The search for happiness
There is a sense in which we can argue that our stay on earth is about a search for happiness. This means that all we say and do ought to make us happy, fulfilled and satisfied. But as we know, we often say and do things that do not make us happy. In fact, we sometimes do things which make us miserable.
For example, a shouting match with one’s boss or beating up one’s spouse or looting public funds or internet fraud or taking another man’s wife could give one temporary satisfaction. At the end there comes a realization that it was not a good step to take, especially when the consequences start hitting back at us. Regrets sometimes come during old age for those who have the grace to live into old age.
People search for happiness through religion, spirituality, accumulation of wealth, the opposite sex, sex, marriage, political power, night clubs, alcohol, drugs, membership of powerful societies or cults, and property acquisition. Most important is the fact that when we are happy most of us do not stop and enjoy the moment of happiness. Until we lose it. Some do not know when they are happy or what they should do when they are happy. There are some who are afraid to show happiness so they ‘don’t attract the enemy’!
Perhaps we should address our minds to some questions: Is happiness a state of mind? Can we choose to be happy even if circumstances are bad or even tragic? Is happiness permanent? Are there phases in our lives where we are happy? Why did the Greeks say ‘count no man happy until he is dead? Can one be truly happy in this world? What is the role of sadness in appreciating happiness in practical terms? Why did Carl Jung say “even a happy life cannot be without a measure of darkness, and the word happy would lose its meaning if it were not balanced by sadness. It is far better to take things as they come along with patience and equanimity’?
A happy life is a sum. Not a bit. But we have or experience things that make us happy. To be happy means to feel and show pleasure or contentment. Happiness is a state of being happy. Dale Carnegie says that “it isn’t what you have or who you are or where you are or what you are doing that makes you happy or unhappy or unhappy. It is what you think about it’. A life of happiness is a journey. Not a destination. Some think that a day will come when they would say ‘yes I am happy; let me live the rest of my days in happiness’. That day may never come. Material things like a new car, a new house, money, give temporary happiness. When we get used to having these material things, we lose the excitement.
Some people deliberately choose to be happy. This is important – choosing happiness over sadness, appreciating the thing we have and the persons around us. The choice of happiness is crucial to being happy where we live, where we work or where we worship. In all the places mentioned above, there are sometimes persons who deliberately do things to keep you unhappy. Gossips. Backstabbing. Misquoting you. Peddling lies about you. Opposing every suggestion which you make just because it has come from you. If you give in to their antics, happiness will never be yours. We learn to live with some of such persons or ignore them completely.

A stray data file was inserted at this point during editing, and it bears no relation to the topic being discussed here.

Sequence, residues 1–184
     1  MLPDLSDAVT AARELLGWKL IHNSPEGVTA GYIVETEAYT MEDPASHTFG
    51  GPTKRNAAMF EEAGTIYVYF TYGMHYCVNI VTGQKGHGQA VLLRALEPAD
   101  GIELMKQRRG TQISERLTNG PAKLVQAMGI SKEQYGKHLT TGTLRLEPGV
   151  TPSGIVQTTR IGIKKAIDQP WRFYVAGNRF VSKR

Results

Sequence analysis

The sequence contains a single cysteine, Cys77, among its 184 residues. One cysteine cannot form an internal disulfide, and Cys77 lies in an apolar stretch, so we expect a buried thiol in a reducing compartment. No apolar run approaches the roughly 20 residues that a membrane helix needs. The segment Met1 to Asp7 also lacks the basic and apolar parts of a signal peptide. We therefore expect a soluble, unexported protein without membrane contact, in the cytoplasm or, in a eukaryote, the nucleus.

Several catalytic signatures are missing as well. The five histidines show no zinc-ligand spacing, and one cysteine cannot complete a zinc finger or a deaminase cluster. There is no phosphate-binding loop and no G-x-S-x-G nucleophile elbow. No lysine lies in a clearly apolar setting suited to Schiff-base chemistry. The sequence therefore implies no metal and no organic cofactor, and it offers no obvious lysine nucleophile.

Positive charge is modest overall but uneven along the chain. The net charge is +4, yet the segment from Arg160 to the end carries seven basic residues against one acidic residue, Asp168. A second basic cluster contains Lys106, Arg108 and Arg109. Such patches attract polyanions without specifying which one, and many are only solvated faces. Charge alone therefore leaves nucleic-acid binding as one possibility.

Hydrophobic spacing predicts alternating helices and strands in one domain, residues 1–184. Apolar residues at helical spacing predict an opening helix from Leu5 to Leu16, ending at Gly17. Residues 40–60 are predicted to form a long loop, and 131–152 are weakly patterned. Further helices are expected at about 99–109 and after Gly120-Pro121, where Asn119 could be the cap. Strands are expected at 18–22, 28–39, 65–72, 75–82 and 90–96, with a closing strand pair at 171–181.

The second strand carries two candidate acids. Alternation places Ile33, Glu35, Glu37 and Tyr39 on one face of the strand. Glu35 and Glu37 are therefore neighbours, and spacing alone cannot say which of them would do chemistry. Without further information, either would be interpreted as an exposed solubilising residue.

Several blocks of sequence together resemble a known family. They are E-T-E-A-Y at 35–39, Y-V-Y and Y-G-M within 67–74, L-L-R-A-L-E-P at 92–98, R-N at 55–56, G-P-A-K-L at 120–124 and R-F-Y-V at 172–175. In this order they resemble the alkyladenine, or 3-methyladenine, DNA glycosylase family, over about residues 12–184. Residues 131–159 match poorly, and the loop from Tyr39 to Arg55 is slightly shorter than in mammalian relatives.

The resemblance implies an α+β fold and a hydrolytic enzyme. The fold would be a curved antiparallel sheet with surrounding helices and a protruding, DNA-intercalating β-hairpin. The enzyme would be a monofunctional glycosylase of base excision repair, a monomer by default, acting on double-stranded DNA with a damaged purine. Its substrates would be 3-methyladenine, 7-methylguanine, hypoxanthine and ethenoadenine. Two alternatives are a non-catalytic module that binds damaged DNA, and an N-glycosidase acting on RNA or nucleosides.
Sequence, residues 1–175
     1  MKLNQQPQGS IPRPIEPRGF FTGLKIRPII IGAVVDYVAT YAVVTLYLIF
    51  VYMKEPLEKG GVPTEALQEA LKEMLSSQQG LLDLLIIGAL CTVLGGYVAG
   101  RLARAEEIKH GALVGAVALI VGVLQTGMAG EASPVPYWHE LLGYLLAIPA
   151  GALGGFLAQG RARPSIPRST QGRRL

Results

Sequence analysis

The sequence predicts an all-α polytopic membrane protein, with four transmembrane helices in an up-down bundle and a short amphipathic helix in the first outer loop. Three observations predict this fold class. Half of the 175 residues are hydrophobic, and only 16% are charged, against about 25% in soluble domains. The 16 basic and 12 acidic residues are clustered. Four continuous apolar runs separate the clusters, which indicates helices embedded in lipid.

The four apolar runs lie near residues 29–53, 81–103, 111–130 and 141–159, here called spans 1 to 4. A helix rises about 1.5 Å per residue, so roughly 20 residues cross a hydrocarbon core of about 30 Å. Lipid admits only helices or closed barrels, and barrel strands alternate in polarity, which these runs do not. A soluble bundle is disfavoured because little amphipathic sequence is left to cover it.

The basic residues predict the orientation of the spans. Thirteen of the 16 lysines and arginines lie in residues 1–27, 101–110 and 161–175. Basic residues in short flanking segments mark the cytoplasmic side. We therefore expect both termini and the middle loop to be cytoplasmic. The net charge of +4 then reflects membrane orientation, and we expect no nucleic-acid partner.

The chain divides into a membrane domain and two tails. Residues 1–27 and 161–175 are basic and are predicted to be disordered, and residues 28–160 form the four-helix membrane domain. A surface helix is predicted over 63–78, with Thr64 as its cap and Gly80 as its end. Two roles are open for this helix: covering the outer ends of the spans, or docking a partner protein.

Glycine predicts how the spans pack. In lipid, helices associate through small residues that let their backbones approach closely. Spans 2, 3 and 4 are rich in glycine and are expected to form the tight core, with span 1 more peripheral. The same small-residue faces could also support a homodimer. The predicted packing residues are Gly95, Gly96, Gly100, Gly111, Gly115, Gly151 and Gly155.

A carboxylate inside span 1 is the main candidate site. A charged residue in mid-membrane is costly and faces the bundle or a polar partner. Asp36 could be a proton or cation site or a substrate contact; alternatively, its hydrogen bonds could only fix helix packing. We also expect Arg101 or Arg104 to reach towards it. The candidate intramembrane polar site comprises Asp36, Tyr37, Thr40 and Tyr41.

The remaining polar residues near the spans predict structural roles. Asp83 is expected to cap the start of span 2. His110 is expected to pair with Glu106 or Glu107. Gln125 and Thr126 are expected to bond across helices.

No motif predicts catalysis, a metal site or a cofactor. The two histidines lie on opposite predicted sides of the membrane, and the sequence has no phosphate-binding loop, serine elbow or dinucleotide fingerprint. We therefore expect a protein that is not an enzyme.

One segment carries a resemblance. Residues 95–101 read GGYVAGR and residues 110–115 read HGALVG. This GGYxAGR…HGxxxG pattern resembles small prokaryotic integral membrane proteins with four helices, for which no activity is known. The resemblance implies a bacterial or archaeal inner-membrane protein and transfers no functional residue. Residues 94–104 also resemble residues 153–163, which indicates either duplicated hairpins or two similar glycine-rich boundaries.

There are some who cannot be happy owing to how they are wired. They lack self- confidence. Their body constitution need help. But they do not know. I once counselled a young man who was complaining that his wife laughed too much about everything. I was in shock myself. ‘She laughs like a fool’, he asserted. ‘Do you want her to be sad? ‘No’, he replied. ‘But everything should not elicit laughter’.
The young lady defended herself stating that it was her way of coping with the stress of family life. There are some people who want you to remain unhappy because they are not happy. Of such people, we must beware. Happiness is something that we should cultivate even in the most trying of circumstances. It helps the heart. It sends a positive message to your spirit and organs and they begin to function better.
Happiness is deep, if true. It radiates into things that we do. There is artificial happiness too. This is the type that is caused by drugs, and some material things. Artificial happiness could lead to suicide or some inexplicable actions. Some appear to be happy but are indeed very sad in their spirit. Such persons need the help of a professional.
There are too many gloomy things happening in the world right now. Too many deaths; near and distant. Too much uncertainty about the future. A friend’s or brother’s or sister’s death is sad. Yet we have a right to be happy, to continue, to exist and show appreciation to the Maker. It will not stop us from dancing and singing in praise of God during prayers. In Christian theology, we are advised to ‘give thanks in all things’! This is sometimes difficult to grasp especially in very terrible circumstances. But the underlying message is that things could have been worse. So, happiness is something to work for, to desire and to treasure. It is not dependent on what we have or what we do not have. It is dependent on what we do with the things that we have and our attitude to the things that we do not have but would like to have. Some find happiness in a quiet life, as described by the philosopher Bertrand Russell when he says that “a happy life must be to a great extent a quiet life, for it is only in an atmosphere of quiet that true joy can live”.
Eghagha can be reached on 08023220393.
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